There’s no doubt that working as a medical professional is one of the most stressful careers around. Taking responsibility for people’s health — and at times their lives — isn’t something that everyone’s cut out for.
Yet, these superheroes of the modern age are just as prone to human weaknesses as we all are. They get tired, they get sick, and they suffer from addiction too.
In fact, recent studies show that healthcare professionals may have a slightly higher incidence of addiction than the general public.
What’s more, addiction often goes undetected in this field. Often many cases, health professionals can continue as highly functional alcoholics. Sometimes, long after their personal lives have deteriorated into chaos.
That doesn’t mean they don’t deserve the same care and attention that other addicts need in order to find recovery.
Additional Risk Factors for Health Care Professionals
To those working in the health care field, stress is a daily fact of life. As a doctor, nurse, or dentist, you could experience numerous stressors all at the same time. Some of the most common ones are:
- Irregular hours
- Long shifts
- More patients than you can handle
- Severe time constraints
- Unrealistic budgets
- Threat of malpractice
- Overwhelming feelings of responsibility
- Compliance with complicated insurance policies
- Risk of exposure to disease
- Dealing with emotional and sometimes aggressive patients and their families
What’s more, overburdening yourself with duties and responsibilities is a norm in the field of medicine. Wearing yourself out on behalf of others is a long-held tradition in medicine. It’s even regarded as a badge of honor.
A 2014 study revealed that up to 69% of healthcare workers experience unusually high levels of stress as a matter of course.
Due to their training, healthcare workers also experience higher levels of feeling in control of their drug use. This can prevent them from seeking addiction treatment when needed.
They also have easy access to prescription drugs in huge quantities and can thus self-medicate more readily than the man on the street. When you have the power to write out prescriptions, it’s simple to get access to medication. This includes addictive drugs like opioids, anti-depressants, and anti-anxiety medications.
Repercussions can be severe for medical professionals. Falsified prescriptions or a sense of failure and shame may prevent them from seeking out drug and alcohol rehab timeously. As a result, they become adept at hiding their shortcomings until things start to fall apart at work.
Tell-Tale Signs of Addiction
If you think you or someone you know has a drug or alcohol problem, it’s vital that you find help before someone gets hurt or loses their license in a malpractice suit.
These are the symptoms of addiction to look out for:
- Working late to get easier access to drugs or earn overtime to pay for an alcohol or drug habit
- Borrowing money despite earning a good income
- Wearing dark glasses or long-sleeved shirts at inappropriate times
- Spending an unusual amount of time in the medication room or bathroom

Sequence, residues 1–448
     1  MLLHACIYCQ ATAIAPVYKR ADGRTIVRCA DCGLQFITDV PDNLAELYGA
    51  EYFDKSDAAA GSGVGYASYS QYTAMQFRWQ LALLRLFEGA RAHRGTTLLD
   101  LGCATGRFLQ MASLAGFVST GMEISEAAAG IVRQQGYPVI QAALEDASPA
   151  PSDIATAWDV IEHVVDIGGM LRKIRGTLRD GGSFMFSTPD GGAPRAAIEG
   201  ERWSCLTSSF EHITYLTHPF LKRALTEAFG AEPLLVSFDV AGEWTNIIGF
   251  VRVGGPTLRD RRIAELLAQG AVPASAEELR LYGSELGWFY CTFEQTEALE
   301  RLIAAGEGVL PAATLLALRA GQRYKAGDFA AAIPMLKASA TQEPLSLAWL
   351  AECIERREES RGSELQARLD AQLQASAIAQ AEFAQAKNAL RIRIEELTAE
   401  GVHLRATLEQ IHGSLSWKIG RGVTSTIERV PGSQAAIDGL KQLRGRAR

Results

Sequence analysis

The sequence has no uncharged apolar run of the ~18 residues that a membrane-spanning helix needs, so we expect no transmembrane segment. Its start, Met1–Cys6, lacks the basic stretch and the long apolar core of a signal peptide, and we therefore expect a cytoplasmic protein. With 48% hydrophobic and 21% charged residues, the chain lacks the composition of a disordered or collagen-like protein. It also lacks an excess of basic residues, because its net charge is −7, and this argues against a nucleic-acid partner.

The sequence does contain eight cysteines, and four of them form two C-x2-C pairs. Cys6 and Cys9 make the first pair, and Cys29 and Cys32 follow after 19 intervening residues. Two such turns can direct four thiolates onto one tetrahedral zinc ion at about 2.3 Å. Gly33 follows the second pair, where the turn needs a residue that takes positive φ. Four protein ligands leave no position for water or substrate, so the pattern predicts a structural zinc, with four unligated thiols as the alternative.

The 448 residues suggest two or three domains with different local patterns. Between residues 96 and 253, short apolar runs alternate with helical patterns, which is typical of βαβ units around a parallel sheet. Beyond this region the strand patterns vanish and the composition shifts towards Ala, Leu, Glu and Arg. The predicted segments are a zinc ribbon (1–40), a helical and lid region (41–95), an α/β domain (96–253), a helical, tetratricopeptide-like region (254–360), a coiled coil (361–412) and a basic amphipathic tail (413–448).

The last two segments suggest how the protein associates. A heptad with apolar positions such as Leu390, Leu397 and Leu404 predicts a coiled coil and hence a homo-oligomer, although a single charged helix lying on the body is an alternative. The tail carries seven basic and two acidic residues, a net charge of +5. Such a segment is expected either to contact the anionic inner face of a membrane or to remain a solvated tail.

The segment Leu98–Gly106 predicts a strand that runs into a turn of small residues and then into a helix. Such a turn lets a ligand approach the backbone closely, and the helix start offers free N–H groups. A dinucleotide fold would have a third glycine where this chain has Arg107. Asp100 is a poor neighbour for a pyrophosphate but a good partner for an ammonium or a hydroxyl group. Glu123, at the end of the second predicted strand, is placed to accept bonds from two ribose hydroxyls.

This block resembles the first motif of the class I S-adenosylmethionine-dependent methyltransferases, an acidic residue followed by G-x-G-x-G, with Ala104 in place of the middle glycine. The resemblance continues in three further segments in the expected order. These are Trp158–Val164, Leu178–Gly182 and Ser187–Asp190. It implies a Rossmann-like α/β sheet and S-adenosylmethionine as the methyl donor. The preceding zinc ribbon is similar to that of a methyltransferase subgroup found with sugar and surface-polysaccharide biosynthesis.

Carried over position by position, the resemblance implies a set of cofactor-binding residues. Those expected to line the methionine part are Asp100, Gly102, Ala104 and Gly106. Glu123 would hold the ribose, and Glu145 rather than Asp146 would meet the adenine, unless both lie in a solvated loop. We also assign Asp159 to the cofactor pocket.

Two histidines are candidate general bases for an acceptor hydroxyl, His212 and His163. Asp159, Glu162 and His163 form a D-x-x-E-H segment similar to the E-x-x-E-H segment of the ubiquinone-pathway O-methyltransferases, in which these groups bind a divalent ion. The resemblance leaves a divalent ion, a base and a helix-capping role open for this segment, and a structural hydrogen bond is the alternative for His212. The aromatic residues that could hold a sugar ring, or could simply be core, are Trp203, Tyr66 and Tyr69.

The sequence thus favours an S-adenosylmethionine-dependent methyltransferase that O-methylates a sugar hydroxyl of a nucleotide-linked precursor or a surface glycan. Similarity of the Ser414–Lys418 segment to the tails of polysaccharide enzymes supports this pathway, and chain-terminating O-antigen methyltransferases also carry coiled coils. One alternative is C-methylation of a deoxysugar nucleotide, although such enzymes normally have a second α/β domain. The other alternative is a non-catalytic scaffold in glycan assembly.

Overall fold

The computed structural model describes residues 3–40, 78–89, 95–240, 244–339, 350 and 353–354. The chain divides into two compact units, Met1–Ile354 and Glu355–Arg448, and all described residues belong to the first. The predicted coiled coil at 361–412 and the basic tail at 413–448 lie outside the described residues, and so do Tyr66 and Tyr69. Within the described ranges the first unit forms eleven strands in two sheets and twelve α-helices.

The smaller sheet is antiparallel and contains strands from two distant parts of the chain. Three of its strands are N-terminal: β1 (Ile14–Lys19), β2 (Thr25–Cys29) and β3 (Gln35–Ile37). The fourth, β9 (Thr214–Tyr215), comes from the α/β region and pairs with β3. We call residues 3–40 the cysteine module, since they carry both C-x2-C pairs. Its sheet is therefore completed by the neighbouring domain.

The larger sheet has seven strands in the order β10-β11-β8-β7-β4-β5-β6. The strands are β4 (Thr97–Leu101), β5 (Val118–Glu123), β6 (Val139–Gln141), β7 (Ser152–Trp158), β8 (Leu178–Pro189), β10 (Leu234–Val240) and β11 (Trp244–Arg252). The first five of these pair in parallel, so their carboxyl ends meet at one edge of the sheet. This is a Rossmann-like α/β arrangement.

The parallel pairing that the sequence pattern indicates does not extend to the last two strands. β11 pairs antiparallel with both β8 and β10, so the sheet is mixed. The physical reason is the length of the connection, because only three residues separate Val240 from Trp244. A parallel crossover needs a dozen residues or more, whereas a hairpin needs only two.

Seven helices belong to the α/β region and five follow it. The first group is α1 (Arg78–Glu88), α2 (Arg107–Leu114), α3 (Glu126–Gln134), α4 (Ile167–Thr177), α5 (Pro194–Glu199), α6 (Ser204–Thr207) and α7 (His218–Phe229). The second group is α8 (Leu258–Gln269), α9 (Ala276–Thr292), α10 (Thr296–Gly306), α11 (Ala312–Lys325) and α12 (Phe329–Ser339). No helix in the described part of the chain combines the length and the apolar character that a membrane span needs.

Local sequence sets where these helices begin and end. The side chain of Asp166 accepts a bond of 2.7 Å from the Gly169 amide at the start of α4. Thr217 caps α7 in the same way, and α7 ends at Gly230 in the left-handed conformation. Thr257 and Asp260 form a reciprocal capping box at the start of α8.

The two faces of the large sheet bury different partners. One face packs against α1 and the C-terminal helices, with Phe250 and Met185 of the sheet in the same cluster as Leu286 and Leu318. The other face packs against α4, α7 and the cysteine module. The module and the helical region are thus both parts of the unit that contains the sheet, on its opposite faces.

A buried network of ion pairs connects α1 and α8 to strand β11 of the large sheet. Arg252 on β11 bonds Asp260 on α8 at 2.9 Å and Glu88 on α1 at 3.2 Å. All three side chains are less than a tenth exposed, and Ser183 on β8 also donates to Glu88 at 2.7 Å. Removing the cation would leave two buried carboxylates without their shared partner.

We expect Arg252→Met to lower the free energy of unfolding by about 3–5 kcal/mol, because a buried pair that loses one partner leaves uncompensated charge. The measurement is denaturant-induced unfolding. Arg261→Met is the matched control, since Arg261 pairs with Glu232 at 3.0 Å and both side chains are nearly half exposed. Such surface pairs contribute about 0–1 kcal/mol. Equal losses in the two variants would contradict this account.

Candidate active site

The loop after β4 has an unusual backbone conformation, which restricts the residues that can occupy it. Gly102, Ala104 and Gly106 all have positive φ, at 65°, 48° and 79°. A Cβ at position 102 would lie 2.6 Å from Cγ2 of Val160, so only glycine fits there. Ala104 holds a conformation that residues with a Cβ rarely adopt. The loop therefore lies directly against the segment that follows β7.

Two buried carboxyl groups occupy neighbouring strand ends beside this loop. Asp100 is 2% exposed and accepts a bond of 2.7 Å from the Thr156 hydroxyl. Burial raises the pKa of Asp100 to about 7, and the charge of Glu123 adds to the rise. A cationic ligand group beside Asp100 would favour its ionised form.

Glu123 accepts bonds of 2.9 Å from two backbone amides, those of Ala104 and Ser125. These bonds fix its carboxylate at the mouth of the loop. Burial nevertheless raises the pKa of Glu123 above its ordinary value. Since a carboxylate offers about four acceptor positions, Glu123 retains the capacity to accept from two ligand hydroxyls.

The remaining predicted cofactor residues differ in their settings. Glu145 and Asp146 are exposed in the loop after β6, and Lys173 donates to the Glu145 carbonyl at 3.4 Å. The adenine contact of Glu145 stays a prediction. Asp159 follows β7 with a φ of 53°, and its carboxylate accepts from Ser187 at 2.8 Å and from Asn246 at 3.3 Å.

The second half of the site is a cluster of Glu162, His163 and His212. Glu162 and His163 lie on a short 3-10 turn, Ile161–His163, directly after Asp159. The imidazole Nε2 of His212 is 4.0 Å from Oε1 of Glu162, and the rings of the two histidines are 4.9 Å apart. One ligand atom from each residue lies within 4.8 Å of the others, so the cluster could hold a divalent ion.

- An increase in mistakes at work
- Missing important appointments and meetings
- Mood swings or erratic behavior
- Increased sick leave, tardiness, and absenteeism
- Complaints from co-workers, patients, or family members
If you or a colleague are doing any of these things, it’s time to find help. There are many doctors’ healthcare and rehab facilities geared to help those in the medical field.
Addiction Treatment for Healthcare Professionals
The unique circumstances that surround health workers mean they need unique addiction recovery services.
For starters, it’s imperative that healthcare workers experience the utmost discretion when they seek treatment. A breach of confidentiality could have serious legal and career repercussions for them.
They also need to learn a specific set of coping behaviors to ensure they don’t fall back into the trap of addiction when they return to work. These include learning how to:
- Restore their damaged reputations
- Return to work in a professional practice
- Address any disciplinary and licensing issues
- Stay away from potential triggers at work and home
- Deal with stress constructively
Due to the nature of their work, it’s likely that health professionals may need more intensive monitoring and aftercare than most addicts do.
Healthcare professionals need specialized care, like firefighters, first responders, and law enforcement officers. Addiction treatment programs run by people who are familiar with the unique circumstances and challenges involved in these professions are the best way to find relief from addiction.
Often, this type of worker suffers from underlying psychological side-effects of their work, such as depression and anxiety. So, it’s important to treat these co-occurring disorders when addressing addictive behavior too.
The right treatment program will assist health professionals to uncover all the factors fuelling their addiction and help remove any obstacles to their recovery.
When all the above factors fall into place, most healthcare professionals stand a better than average chance of recovery.
Doctors and nurses can experience exceptional levels of job satisfaction. They just need to learn how to negotiate the obstacles associated with their profession.
The Road to Recovery for Health Professionals
There’s no reason to lose your license or damage your reputation thanks to addiction. All addicts deserve a chance to discover the peace of mind that recovery brings.
If you’re involved in healthcare and you need a quiet place to regroup and recover, please get in touch and let someone take care of your needs for a change.
Defining Wellness Treatment Centers guarantee an exclusive, comprehensive, and discrete road to recovery for healthcare professionals. Call today to learn more about how Defining Wellness Centers can help you
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